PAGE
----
of the most important of these artists was
James E. Taylor. Born in Cincinnati, Ohio, in 1839, Taylor graduated
from Notre Dame, and then fought with the Tenth New York volunteers
in the Civil War. In 1862 he joined the staff of Leslie’s
Illustrated newspaper as a "Special Artist" and
war correspondent. His first major assignment was to accompany
General Phil Sheridan during the Shenandoah Valley campaign
on 1864. During this assignment, Taylor distinguished himself
as an illustrator, a skill which enabled him to establish friendships
and professional relations with many generals and high-ranking
government officials. This provided him with an inside track
to information and photographs at the same time that the United
States began its process of Westward expansion.
Man Careful Of His Horses (Oglala Sioux) in treaty negotiations
with U.S. government representatives.
the spring of 1867, the U.S. government sent a peace commission
to treat with the Indians at Ft. Laramie, Wyoming Territory.
Contrary to previous treaties, settlers had established a route
known as the Bozeman Trail through sacred Indian lands and hunting
grounds and the U.S. government wanted to insure their safety
by establishing military posts along the way. The peace commission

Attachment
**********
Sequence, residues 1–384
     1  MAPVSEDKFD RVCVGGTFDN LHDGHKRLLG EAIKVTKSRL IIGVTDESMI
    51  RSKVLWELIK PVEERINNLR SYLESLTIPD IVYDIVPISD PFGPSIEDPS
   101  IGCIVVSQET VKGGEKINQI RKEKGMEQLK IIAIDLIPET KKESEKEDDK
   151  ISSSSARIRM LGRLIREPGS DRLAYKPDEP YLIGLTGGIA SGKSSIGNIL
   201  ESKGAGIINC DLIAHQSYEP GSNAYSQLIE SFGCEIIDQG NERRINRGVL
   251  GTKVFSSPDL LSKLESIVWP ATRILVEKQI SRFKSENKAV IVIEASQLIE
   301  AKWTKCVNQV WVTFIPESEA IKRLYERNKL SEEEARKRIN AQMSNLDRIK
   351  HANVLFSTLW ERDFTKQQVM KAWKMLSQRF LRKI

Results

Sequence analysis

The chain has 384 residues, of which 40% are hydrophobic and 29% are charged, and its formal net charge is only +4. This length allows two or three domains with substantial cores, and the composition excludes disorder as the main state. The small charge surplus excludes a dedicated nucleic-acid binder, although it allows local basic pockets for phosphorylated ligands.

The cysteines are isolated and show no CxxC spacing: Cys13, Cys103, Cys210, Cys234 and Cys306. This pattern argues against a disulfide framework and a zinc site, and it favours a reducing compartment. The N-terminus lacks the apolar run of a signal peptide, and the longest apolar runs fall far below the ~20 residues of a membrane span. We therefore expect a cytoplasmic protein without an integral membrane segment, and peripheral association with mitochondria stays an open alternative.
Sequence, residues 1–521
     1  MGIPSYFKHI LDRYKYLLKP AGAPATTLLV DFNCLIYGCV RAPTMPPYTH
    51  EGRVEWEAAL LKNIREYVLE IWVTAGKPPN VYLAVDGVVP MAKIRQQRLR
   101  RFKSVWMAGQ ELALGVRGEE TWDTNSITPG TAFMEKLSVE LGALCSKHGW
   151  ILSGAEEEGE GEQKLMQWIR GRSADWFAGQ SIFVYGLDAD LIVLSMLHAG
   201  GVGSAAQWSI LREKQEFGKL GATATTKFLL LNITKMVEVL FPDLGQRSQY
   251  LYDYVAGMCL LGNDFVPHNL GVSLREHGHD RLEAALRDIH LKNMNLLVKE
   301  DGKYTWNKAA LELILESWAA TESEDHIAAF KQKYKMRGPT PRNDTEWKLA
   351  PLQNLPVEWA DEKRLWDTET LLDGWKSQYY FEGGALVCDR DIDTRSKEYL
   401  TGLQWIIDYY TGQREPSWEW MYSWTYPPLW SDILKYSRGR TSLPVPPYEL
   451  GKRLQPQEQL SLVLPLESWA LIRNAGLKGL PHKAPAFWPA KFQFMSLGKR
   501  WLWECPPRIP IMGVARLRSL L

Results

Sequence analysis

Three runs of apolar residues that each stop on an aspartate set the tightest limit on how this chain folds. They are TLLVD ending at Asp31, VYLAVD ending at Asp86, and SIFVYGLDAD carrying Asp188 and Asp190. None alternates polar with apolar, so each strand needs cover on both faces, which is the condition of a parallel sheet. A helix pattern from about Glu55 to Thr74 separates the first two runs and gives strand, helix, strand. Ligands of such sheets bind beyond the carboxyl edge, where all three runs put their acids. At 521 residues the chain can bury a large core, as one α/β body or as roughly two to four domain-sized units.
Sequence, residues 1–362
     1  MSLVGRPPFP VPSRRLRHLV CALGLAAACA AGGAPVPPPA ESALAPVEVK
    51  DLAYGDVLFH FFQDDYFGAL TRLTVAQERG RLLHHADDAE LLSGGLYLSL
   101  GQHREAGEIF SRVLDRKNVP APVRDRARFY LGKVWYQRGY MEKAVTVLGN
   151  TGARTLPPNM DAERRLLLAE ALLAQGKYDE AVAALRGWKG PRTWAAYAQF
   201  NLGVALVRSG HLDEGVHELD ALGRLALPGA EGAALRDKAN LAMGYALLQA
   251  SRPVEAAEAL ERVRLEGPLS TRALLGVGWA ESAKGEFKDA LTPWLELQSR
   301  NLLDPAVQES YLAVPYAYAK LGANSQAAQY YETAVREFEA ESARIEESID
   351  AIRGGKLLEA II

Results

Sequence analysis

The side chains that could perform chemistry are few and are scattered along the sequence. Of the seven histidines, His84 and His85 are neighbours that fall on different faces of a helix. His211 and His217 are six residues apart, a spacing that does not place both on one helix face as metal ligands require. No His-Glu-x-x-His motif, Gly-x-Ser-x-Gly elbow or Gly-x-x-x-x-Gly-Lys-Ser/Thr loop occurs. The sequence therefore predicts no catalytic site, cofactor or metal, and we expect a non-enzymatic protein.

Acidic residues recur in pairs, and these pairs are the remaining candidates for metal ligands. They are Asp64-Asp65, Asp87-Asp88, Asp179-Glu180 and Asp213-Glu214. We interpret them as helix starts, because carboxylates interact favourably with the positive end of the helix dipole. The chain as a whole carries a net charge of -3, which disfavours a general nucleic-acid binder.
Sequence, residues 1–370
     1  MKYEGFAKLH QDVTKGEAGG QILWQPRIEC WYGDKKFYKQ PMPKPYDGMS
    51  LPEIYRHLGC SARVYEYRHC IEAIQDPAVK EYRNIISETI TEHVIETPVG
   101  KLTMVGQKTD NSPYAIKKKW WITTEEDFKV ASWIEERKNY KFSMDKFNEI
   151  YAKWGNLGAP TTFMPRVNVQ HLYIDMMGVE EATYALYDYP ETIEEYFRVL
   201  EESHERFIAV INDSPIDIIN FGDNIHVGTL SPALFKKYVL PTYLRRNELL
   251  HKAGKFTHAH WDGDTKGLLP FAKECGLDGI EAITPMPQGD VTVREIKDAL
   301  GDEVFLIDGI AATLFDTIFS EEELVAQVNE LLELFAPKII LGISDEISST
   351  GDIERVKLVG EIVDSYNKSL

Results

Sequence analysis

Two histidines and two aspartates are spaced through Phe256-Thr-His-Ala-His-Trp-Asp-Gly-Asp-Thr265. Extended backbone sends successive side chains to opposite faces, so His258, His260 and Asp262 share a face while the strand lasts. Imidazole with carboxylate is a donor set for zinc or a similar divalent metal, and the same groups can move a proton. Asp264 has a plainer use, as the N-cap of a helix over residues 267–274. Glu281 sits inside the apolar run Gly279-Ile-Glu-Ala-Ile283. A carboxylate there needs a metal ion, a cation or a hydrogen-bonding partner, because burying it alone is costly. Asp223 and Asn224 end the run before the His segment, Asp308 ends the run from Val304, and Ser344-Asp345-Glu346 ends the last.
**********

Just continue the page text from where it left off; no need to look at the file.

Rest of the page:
was largely unsuccessful. Indeed it touched off "Red Cloud’s"
war as military troups started to establish forts before any
agreements had been made. The negotiations themselves were recorded
by the famous Civil War photographer, Alexander Gardner. This
extremely rare series of photographs includes the only known
image of the smoking of a peace pipe during negotiations, one
print of which is preserved in the Taylor album (above).
same year, the government sent another commission to treat with
the Indians at Medicine Lodge, Kansas. At stake was the opening
up of the trans-Mississippi West to railroads and settlers.
The treaty negotiations were the largest such gathering with
an estimated 5,600 people, and newspapers were understandably
eager to cover this landmark occasion. Although no photographers
were present, at least nine reporter/illustrators were sent
to cover the story including Henry M. Stanley, the famous African
explorer, and James Taylor. Taylor also signed as a witness
to the treaty made with the Kiowa and Comanche. Many of Taylor’s
works were published in Leslie’s marking a refocusing
of the publication on western stories and earning Taylor the
nickname, "The Indian Artist."
E. Taylor. Photograph from the collection of Richard W. Taylor.
Wesley Powell and
his exploring party on the Green River, May, 1871. Notice the
camera beside the boat on the left.
detail of camera.